For the first time, Gov. Tom Wolf said he supports legalizing marijuana for recreational use and called on the Legislature to “seriously debate” doing so.
The Democrat’s change of heart was the result of a 67-county tour undertaken by his lieutenant governor, John Fetterman, which found a “substantial majority” of Pennsylvanians are for legalization.
Wolf and Fetterman also called on the General Assembly to pass legislation to decriminalize marijuana — making possession punishable by a fine, rather than with a misdemeanor conviction — and to expunge past criminal records.
The governor said he’s calling on lawmakers to take both of those actions immediately. The conversation to legalize marijuana could take “a little bit longer.”
“This strikes me as the right thing to do,” Wolf said Wednesday.
Prior to December 2018, Wolf had said he was opposed to legalizing cannabis for adult recreational use. But that month, he said it was “time for Pennsylvania to take a serious and honest look at recreational marijuana,” as neighboring states moved toward legalization.
Wolf has long supported the state’s medical marijuana program and decriminalization.
GOP leadership in the state House responded to Wednesday’s announcement by making one of their own: “Our caucus has no plans or interest in legalizing recreational marijuana.”
“We are disappointed and frustrated Gov. Wolf would promote recreational use of a drug classified as a Schedule I narcotic by the federal government,” a statement attributed to the “House Republican Leadership team” states. “Calling on the Legislature to act now on marijuana legalization serves only as a distraction from the important work lawmakers carry out in Harrisburg and in their home districts.”
What the report found
Nearly 70 percent of the tour’s 10,275 attendees backed legalization, according to the report released Wednesday. When factoring in online feedback, only one county recorded below-51 percent support.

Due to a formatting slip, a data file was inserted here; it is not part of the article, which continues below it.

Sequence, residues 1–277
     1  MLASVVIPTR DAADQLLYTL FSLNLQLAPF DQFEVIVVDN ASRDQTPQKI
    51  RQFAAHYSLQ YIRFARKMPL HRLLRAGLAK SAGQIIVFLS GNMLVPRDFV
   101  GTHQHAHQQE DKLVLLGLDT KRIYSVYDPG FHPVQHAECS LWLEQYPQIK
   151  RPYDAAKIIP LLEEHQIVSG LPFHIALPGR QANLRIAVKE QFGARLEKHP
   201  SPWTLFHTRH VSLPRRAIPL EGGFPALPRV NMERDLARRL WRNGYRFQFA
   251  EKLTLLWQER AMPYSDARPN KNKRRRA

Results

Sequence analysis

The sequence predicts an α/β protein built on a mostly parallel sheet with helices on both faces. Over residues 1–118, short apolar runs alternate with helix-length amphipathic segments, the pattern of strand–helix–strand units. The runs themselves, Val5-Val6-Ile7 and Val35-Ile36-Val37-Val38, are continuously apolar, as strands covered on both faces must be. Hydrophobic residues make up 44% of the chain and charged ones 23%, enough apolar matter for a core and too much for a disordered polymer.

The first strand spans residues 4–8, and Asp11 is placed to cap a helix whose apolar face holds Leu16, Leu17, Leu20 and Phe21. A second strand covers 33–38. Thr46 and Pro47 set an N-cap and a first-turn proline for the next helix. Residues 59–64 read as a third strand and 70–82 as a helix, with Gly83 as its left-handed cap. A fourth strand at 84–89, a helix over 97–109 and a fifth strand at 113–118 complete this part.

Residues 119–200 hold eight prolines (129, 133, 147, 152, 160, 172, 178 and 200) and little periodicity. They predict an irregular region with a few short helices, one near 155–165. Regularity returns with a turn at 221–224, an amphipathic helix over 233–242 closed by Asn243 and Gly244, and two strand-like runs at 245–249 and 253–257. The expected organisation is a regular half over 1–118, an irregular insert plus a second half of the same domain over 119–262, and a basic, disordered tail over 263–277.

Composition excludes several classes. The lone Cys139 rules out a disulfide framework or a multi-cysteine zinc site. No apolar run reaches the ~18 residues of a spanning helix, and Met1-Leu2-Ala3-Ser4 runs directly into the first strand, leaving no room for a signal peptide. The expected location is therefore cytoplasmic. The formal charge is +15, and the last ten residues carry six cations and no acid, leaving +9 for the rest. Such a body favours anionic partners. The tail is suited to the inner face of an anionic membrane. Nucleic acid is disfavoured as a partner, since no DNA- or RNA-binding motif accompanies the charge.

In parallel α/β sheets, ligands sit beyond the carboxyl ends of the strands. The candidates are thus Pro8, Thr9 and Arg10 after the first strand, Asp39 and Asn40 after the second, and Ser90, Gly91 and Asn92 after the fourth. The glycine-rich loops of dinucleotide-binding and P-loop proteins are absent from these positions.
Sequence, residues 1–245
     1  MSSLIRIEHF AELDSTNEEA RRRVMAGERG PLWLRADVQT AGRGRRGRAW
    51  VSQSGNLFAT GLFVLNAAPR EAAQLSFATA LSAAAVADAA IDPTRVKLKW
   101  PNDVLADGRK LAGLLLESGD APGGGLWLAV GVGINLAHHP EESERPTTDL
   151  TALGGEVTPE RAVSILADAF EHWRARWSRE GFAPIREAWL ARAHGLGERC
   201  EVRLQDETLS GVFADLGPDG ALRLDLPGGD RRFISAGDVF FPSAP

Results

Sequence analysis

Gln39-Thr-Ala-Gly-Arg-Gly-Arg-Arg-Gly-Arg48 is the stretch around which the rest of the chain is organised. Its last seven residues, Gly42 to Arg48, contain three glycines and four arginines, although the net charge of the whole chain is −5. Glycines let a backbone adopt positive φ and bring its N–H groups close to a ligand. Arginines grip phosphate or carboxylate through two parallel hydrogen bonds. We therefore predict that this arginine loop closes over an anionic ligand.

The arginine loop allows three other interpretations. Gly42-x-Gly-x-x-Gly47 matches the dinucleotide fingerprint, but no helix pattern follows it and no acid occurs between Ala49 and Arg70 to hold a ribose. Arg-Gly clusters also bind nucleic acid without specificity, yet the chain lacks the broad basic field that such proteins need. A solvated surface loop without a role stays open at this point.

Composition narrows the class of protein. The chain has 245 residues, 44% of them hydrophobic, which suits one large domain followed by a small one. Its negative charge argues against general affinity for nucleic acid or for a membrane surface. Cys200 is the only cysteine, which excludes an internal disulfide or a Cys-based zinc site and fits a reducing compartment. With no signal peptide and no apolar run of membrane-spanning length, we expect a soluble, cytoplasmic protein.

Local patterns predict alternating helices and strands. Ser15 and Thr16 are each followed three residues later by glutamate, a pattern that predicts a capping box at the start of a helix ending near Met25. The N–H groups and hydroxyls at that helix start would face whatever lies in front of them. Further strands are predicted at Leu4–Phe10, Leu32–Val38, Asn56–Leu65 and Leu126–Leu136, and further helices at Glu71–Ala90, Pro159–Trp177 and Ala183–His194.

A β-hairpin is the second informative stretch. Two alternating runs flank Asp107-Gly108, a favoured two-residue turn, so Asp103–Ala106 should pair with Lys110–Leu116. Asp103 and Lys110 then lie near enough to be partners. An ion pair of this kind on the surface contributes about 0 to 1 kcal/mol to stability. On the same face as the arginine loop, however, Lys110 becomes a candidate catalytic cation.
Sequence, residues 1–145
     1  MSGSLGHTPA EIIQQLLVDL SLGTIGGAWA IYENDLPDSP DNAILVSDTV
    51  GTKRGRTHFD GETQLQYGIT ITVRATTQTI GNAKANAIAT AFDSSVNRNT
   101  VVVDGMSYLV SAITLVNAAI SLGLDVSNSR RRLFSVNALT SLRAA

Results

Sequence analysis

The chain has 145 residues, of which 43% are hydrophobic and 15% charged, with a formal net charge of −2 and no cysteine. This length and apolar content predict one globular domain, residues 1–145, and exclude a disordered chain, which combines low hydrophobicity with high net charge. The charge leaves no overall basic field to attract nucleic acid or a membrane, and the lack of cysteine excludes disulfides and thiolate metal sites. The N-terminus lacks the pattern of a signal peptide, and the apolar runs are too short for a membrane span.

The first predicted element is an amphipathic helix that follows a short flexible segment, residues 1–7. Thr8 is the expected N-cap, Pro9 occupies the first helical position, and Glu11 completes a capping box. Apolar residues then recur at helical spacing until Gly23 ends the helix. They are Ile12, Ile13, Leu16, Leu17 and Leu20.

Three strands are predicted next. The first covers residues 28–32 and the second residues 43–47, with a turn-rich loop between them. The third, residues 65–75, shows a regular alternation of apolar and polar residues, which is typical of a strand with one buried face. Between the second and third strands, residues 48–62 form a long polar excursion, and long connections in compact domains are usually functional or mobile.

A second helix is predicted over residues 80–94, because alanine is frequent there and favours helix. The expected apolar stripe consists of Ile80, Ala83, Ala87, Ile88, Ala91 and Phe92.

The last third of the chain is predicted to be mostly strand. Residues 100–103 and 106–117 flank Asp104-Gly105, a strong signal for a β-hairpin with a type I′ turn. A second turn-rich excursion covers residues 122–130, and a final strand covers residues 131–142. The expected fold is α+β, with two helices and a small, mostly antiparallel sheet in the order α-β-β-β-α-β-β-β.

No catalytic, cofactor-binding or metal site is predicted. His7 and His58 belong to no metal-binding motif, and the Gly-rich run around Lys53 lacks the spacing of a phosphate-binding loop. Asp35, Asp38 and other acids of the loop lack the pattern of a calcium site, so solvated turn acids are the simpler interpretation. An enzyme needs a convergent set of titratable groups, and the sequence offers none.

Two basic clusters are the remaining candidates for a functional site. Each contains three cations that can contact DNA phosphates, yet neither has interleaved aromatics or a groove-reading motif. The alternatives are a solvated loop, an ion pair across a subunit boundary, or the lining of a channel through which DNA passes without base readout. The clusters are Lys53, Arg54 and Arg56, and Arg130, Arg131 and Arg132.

The report also states that support was “near-unanimous” for “decriminalization and mass expungement of non-violent and small cannabis-related offenses.”
Lawmakers in both the state House and Senate have introduced bills to make possession of small amounts of marijuana a summary offense, which is a citation punishable by a fine.
In the upper chamber, the effort is bipartisan: Sen. Sharif Street, D-Philadelphia, and Sen. Camera Bartolotta, R-Washington, are co-sponsoring a single bill.
Street told the Capital-Star the next step is talking to their “respective leadership” about holding public hearings before moving the bill through the legislative process.
When asked if he thinks the bill can pick up enough Republican support, Street said he “always gets in trouble when he starts predicting what the House of Representatives is going to do,” but added that he thinks there’s broad-based support among lawmakers.
In an email, Bartolotta said, “Decriminalizing the possession of a small amount of cannabis is a commonsense policy change to ensure that the thousands of Pennsylvanians caught with minor possession each year are not charged with misdemeanors. These permanent marks on an individual’s record hinder one’s ability to obtain work, housing, child care, among other essential needs for a productive lifestyle.”
“While my legislation still awaits consideration by the Senate Judiciary Committee, I remain hopeful that the measure will find support among my colleagues,” she continued.
The report also reiterates something Fetterman told the Capital-Star in May: that support for medical marijuana is essentially universal.
“I think that’s a remarkable reversal in just a few short years from being a controversial topic to now, even in the reddest county, even with those that are opposed to it recreationally, they love medical cannabis,” Fetterman said at the time.